Beyond Facebook

Beyond Facebook

What's next for social media in higher ed

Last November, Facebook wunderkind Mark Zuckerberg paid a visit to Harvard for the first time since dropping out of sight in 2004. In his address to students, the social media guru proclaimed that Facebook “is just getting started.” Remarkably, social networking has, in the past five years, forever changed the higher learning landscape. It will profoundly shape the higher ed marketplace in the next decade. Today, it’s estimated that more than 800 million people around the world depend on Facebook.

Gone are the days when colleges and universities relied solely on glossy viewbooks filled with smiling faces, fall foliage, and ivy-covered bell towers to ramp up admissions and conversion yield. Today’s students get information about colleges by “chatting” with enrolled students about their most engaging learning and living experiences, exploring virtual 3-D campus tours, and watching student-produced videos. Administrators are now exploring new ways to engage prospective students and keep them coming back for more by using Facebook, Twitter, YouTube, foursquare, iTunesU, and other social networking pathways.

A recent study conducted by the Center for Marketing Research at the University of Massachusetts-Dartmouth reports that 100 percent of universities surveyed use social media to communicate with students, up from 61 percent in 2007. Significantly, the UMass study found that 98 percentof the responding institutions have a Facebook page and 84 percent have a Twitter account.

But is just signing up for hosting these social media venues enough for colleges and universities to reap optimal benefits? Student testimonials tell us the answer to that question is “no way.” With that said, we were surprised to learn that a significant number of colleges and universities do not yet use these social networking tools to their full potential. Infrequent Facebook updates and neglected websites give students the impression that an institution is neither cool nor tech-savvy – frequently causing prospective students to lose interest fast.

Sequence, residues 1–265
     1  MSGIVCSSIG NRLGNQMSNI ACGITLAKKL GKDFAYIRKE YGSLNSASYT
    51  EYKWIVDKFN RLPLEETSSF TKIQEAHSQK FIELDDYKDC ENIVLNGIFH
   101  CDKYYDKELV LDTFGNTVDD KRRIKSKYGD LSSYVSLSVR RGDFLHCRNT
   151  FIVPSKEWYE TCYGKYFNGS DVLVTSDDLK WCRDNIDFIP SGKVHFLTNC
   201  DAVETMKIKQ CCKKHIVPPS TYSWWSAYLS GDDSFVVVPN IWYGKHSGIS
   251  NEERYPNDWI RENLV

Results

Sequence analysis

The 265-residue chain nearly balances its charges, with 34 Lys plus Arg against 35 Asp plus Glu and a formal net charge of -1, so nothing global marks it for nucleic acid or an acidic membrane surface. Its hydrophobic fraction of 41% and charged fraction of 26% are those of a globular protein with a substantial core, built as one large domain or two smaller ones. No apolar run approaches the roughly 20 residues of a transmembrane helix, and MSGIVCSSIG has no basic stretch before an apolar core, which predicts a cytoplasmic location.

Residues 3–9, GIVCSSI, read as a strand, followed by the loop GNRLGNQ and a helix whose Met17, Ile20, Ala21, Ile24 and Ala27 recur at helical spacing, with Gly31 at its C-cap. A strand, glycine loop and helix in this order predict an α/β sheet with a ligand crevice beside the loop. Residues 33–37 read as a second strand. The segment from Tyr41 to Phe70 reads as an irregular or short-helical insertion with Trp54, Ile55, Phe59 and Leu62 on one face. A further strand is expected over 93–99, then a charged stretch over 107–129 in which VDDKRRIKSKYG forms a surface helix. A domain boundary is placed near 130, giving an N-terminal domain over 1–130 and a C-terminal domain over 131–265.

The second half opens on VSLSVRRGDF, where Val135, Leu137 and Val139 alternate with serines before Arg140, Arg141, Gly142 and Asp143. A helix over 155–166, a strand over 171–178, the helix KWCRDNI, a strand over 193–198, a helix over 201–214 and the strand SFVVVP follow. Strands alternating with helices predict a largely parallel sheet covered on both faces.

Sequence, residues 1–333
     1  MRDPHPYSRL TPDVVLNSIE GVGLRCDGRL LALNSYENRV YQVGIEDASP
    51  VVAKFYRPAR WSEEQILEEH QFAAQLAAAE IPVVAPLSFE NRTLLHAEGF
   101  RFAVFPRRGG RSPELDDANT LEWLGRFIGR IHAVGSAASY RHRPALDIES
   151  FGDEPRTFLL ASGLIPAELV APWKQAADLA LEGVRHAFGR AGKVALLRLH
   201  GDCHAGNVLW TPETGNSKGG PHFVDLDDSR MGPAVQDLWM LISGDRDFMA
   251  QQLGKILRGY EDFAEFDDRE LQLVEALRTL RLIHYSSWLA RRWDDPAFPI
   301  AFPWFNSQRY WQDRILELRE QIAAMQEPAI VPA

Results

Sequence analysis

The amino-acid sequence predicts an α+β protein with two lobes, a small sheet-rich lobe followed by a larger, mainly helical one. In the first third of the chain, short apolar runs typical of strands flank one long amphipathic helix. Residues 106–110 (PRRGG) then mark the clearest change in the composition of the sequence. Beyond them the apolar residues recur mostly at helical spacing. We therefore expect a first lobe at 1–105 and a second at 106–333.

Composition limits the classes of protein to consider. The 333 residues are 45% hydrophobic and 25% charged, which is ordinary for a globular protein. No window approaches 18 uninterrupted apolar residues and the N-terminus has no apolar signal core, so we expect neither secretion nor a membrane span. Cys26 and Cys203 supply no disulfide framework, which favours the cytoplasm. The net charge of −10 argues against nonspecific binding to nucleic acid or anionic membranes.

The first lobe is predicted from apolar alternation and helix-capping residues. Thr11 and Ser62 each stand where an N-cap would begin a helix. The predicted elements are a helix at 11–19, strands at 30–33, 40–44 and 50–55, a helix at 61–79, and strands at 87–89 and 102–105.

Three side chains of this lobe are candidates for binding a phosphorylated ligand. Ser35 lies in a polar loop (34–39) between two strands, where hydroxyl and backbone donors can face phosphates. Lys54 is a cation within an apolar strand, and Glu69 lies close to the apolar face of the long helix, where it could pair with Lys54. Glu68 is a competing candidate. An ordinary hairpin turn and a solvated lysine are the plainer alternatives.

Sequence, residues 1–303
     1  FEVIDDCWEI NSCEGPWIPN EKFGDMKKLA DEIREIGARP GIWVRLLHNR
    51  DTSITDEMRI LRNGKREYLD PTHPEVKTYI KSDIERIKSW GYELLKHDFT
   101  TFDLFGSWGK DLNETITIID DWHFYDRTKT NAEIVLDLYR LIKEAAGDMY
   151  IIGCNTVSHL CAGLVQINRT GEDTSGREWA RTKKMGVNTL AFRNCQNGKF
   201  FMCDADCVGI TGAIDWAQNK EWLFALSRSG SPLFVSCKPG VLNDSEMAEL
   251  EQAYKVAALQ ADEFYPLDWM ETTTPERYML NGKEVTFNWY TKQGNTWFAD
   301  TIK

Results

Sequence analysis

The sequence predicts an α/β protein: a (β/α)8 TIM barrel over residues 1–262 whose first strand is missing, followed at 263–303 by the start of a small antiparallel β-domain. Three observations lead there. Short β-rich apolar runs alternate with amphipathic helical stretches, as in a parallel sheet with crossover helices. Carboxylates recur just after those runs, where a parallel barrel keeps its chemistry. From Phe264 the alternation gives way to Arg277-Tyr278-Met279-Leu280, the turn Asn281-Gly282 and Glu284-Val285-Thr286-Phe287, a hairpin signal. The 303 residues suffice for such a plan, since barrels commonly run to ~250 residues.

Indeed, underutilization of social media is a red-flag for many prospective students—and social media organizations like 7Summits, ECampusTours, YourCampus360, HubSpot, Klout.com and Kred are working with colleges and universities to better target, link, and leverage social media marketing strategies and help institutions understand how these tools can influence student audiences.

Take for example 7Summits, a social media intelligence and marketing strategy agency based in Milwaukee and Chicago—a fast growing organization that serves a wide and varied gamut of businesses and educational institutions. As their name suggests, 7Summits designs and develops social media strategies as if they were about to climb a mountain. With the attitude of an explorer, 7Summits takes into account weather conditions, topography, the strengths of the institution’s team, and other climber competitors on the mountain. 7Summits understands that social media is new terrain for most colleges and universities, and that it takes specialized expertise and practical experience to maximize social media results for these institutions and the students they serve. 7Summits CEO, Paul Stillmank, put it this way, “Our agency was created to address a new market need driven by the most significant shift in media ever. We are the destination social business agency – bringing strategy, creative and technology aspects together to help institutions re-invent themselves into more socially connected organizations.”